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OPINION: Religion, Politics and April 2011 Elections

Tolling Bells, By Bisi Daniels. Email: bisidaniels@thisdayonline.com,

I pray that April does not lead Nigeria in a decent into a crisis even close to the political impasse in Cote d’Ivoire. And I pray that one day soon, Nigerians will first see themselves as Nigerians before their origin becomes of any relevance at all.

I think former President Olusegun Obasanjo was right to have expressed concern for the unity of Nigeria last week. Over that, he no laugh o!

One would have thought that at this time and age religious and ethnic differences in countries had lost their potency for crisis. But not in Africa!  The North-South divide is as old as the longest civil war in the world that has birthed the newest country – Southern Sudan; and it is as fresh as the ugly Gbagbo – Ouattara impasse in Cote d’Ivoire. In Nigeria it would appear that there are always people at work, digging deep into the North-South divide.

And until the end of the superiority complex of some sections of the country or a set of people over others, there will always be strife. So I pray because politicians will go to any length to get power even if in the end there are no more people to govern.

I also pray that by April, the Independent National Electoral Commission would have matured enough to conduct a visibly credible and convincing presidential election, which will leave no one in doubt about the victory of the winner. For the Commission, unlike in its request for funding and timelines for the voters registration exercise, there will be no second chance. Mistakes made during the elections may be difficult to change. Loopholes will easily be exploited by politicians, who are already trooping to the courts for injunctions.

Months after the world moved against President Laurent Gbagbo for stealing Alassane Ouattara’s mandate as President of Cote d’Ivoire, he is still holding on. And he seems to have popular support from his part of the country – the South, while Ouattara is rooted firmly in the support of the North, and the international community.

However the story of the two is not as straightforward as it looks. In 1992 when Ouattara was prime minister under the late President Felix Houphouet-Boigny, Gbagbo, then an opposition pro-democracy leader, was jailed for organising a student protest.   Clashes between the two continued when in 2000, Gbagbo, believed to be the real winner in a presidential election, was proclaimed president. Opposition leader Ouattara, was excluded from running in the poll and he called for a fresh election.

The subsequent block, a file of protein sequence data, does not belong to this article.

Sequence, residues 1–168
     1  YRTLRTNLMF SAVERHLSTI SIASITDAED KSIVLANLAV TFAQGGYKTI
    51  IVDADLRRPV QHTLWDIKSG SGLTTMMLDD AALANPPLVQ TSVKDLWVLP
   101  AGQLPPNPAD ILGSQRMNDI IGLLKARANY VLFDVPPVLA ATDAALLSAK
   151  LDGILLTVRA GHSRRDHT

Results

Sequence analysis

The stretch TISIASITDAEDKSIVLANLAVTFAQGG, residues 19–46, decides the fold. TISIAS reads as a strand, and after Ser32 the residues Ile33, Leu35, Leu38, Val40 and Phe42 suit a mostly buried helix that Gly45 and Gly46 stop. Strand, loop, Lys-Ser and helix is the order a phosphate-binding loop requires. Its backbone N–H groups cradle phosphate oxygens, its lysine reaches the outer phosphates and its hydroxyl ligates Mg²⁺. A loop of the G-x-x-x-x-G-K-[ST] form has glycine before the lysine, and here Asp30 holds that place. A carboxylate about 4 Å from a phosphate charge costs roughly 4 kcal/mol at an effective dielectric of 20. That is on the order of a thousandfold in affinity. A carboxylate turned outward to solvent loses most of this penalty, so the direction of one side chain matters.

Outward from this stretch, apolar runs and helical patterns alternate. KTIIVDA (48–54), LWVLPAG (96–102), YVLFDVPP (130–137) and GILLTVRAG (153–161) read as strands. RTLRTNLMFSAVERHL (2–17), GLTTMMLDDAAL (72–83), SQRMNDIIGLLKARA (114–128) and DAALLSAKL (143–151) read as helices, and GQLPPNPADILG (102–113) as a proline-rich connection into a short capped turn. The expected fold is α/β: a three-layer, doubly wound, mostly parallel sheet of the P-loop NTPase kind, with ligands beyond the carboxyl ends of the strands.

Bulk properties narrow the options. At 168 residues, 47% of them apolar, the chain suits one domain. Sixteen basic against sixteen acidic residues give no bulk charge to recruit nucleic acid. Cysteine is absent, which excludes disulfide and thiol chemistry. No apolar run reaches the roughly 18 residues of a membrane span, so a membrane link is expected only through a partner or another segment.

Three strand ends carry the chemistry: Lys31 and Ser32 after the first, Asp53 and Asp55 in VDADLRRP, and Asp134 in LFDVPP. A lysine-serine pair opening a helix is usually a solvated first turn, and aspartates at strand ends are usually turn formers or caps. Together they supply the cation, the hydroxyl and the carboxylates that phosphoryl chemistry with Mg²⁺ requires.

Soon fighting erupted between Gbagbo’s mainly southern supporters and followers of Ouattara, who were mostly from the north. Repeatedly Ouattara had been barred from presidential elections over doubts concerning his nationality, but a key component of repeated peace deals with the rebels, who remained in control of the north, allowed him to run during the last elections.

Ouattara, polled more than 95 per cent of the electorate in many parts of the north in the first round, while getting less than five percent in certain parts of the mostly west. Overall, he finished second with 32 percent of the vote, to Gbagbo’s 38 percent, which included dominating percentages in southern, eastern and western regions.

In the subsequent run-off ballot, the Election Commission announced that Ouattara won with 54.1 per cent of the vote compared with 45.9 percent for Gbagbo. But the Constitutional Council rejected the results as rigged and Gbagbo was declared winner.

Another scene: Sudan gained independence in 1956 and six years later, a civil war broke out in the southern parts of the country. Under the Jaafar Numeiri administration, southern Sudan achieved partly self-governance in 1972 in a peace agreement signed in Addis Ababa.

But in 1978, large findings of oil in Bentiu, southern Sudan refueled the strife between North and South. It was worsened five years later, when Numieri introduced the Islamic Sharia law to Sudan, leading to a new breakout of the civil war in the south. The forces there were led by the Sudan People’s Liberation Movement (SPLM) under command of John Garang.

Fast forward: a referendum took place in Southern Sudan  last month on whether the region should remain a part of Sudan or become independent.  The referendum was one of the consequences of the 2005 Naivasha Agreement between the Khartoum central government and the Sudan People’s Liberation Army/Movement (SPLA/M).

The final results published by the referendum commission show a 98.83 per cent voting in favour of independence, and the predetermined date for the creation of an independent state is July 9, 2011.